Managing change in times of corona
‘Be water my friend’ said Bruce Lee. These words could not ring more true in the chaotic and confusing times businesses are facing. In the midst of the disruption the corona pandemic is creating, how can leaders prepare for an unknown future with so many blind spots in their internal and external environment? When even expert predictions have a very short shelf-life, there is very little understanding of what will change in the short-term and which of these changes are here to stay.
Humans are hardwired to hate uncertainty and perceive change as a loss of control, often resisting it at all costs. Structuring a change plan in this environment is hard; communicating it and bringing all customers, employees, suppliers along may seem an impossible task.
In less volatile times Larry Hirschhorn wrote an article in the Harvard Business Review titled ‘Campaigning for Change,’ wherein he outlined three campaigns of change management: a political campaign (creating allies and a coalition), a marketing campaign (effectively communicating the benefits) and a military campaign (overcoming resistance). This is a brilliant starting point for a change campaign in normal times.
But how do you build alliances, convince your audiences and overcome resistance to change, when you have no clear view of what the future will look like and are struggling to articulate a structured roadmap for your business? When forced to take it step by step, shifting gears and planning actions in constantly changing circumstances? What experiences can we look to for guidance, clues and actionable insights?
Let’s examine how businesses operate in environments so fluid that they’re required to be in constant change mode.
This is the case for businesses operating in emerging Asian markets in the past decades. Multi-year plans are practically obsolete within a few quarters when the economy is growing at 7–10%, when talent shortage drives employee turnover industry-wide to 50%, when big projects can be secured overnight or lost overnight. Planning far ahead isn’t just impossible, it creates a competitive disadvantage. In an environment this fluid, market leadership can change constantly. This offers up big opportunities for businesses but taking advantage of them requires agility and quick thinking and action, insights and instinct, and most of all strong leadership.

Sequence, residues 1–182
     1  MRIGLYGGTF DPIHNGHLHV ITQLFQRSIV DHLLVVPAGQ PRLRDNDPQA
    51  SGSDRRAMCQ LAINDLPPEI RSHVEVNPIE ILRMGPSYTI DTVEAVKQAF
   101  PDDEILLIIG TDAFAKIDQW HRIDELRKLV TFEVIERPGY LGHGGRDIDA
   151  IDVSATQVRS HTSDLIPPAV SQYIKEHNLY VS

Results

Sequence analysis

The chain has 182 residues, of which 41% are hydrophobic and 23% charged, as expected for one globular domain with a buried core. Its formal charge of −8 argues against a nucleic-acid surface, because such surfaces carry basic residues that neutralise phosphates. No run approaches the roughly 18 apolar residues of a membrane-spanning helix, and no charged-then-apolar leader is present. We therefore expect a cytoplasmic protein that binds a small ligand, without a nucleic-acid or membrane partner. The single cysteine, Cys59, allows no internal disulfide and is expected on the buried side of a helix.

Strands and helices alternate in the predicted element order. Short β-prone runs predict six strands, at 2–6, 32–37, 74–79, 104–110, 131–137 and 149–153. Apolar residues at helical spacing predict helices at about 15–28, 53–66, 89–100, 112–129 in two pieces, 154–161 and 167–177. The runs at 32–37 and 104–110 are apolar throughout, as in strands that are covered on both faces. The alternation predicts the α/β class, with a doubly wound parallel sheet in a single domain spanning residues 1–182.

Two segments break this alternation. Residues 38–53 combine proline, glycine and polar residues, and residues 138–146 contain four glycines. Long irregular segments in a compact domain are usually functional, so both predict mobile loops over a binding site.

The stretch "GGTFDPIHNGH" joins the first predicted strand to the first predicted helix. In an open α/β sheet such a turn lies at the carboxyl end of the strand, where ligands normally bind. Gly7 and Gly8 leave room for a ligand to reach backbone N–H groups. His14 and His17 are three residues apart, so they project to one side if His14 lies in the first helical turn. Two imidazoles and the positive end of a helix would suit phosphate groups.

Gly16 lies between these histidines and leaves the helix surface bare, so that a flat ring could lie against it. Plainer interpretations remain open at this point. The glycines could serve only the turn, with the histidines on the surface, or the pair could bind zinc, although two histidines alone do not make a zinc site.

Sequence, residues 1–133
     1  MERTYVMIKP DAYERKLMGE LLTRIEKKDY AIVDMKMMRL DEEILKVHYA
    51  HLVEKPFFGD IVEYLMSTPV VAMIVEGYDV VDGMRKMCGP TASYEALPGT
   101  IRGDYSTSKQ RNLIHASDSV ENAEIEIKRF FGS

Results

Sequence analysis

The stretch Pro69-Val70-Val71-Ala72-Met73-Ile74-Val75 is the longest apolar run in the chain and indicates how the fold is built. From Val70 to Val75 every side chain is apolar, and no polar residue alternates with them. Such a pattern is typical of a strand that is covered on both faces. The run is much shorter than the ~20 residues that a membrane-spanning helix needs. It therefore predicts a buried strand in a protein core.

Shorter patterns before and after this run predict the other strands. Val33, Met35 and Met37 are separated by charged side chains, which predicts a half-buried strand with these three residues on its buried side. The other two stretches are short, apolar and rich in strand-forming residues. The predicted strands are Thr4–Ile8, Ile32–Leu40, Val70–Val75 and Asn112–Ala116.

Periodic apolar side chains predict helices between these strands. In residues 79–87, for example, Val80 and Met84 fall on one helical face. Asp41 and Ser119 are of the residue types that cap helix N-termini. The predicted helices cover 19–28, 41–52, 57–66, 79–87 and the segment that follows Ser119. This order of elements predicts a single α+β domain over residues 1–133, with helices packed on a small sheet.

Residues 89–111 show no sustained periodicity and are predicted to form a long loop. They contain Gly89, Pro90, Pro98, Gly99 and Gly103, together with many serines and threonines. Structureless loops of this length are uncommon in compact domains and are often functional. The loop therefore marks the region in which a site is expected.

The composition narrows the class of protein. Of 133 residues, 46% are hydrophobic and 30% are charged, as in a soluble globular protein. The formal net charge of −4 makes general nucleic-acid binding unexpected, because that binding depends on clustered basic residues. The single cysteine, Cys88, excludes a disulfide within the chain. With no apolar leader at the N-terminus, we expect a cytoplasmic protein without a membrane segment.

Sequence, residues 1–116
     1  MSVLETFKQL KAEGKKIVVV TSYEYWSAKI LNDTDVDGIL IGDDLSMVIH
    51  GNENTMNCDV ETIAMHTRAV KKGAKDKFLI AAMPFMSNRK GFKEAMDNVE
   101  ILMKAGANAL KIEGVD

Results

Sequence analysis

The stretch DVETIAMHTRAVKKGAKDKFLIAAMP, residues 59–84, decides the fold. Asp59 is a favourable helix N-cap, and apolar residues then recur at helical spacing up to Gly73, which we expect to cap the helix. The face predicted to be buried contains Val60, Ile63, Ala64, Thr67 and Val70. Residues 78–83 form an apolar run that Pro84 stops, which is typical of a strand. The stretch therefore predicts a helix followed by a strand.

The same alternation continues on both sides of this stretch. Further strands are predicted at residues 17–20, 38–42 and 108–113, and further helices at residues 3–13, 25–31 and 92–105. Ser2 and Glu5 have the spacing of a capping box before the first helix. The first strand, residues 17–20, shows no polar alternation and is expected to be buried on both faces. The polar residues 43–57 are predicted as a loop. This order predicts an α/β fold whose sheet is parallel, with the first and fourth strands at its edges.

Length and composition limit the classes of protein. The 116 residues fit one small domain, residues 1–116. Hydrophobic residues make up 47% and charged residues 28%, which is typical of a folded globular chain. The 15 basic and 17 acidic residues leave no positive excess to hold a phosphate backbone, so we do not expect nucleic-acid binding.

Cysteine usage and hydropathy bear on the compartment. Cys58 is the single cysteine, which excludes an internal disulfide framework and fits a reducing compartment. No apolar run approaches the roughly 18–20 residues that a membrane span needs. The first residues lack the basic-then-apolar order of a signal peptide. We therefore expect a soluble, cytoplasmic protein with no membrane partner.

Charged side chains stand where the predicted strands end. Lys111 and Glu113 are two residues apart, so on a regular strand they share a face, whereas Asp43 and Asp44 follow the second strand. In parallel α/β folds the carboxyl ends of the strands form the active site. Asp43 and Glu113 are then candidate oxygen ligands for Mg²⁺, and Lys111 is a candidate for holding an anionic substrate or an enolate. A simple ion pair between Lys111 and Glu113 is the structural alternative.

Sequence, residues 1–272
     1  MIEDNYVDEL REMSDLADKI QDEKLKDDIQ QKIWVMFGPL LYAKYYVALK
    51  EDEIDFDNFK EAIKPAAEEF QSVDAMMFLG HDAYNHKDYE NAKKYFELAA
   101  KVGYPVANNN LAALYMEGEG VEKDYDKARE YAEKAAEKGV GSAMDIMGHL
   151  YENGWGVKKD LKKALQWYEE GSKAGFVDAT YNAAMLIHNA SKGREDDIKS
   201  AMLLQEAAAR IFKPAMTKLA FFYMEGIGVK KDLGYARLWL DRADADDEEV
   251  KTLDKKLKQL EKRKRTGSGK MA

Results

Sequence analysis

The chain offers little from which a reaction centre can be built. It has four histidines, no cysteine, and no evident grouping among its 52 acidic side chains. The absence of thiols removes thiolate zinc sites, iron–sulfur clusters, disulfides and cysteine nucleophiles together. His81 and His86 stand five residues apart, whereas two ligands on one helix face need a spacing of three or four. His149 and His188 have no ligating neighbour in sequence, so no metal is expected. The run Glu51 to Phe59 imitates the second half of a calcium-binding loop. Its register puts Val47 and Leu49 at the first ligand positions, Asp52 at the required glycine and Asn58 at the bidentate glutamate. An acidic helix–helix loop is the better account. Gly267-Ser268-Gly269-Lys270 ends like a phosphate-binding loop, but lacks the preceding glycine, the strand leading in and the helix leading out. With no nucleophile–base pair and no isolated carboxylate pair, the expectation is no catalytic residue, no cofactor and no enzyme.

Developing a new product with a start-up is an equally fluid experience. To build a winning product, start-ups run on the principles of speed and agility. Products are developed based on hypotheses, but what the product will look like a year from today is not defined. Development takes place in an iterative process, testing assumptions, getting quick feedback and adapting features. This way of working permeates the entire organization. As a result, job descriptions are fluid and talent is applied where needed with a focus on pushing fast progression.
These two experiences are vastly different from each other. What’s striking is what businesses have in common that succeed in them: their primary goal is not to create stability. Instead, their plan is to thrive in a volatile and unpredictable environment by becoming more fluid themselves.
The leaders and organizations I’ve seen thrive in these environments, employed some or all of the following principles to manage maximum change:
1. Manage by principles, not by rules. Rules will change. The principles need to stay the same. Usually, that’s straightforward: you care about your people and you need to run a successful business. Stick to those and explain your decisions in the current context.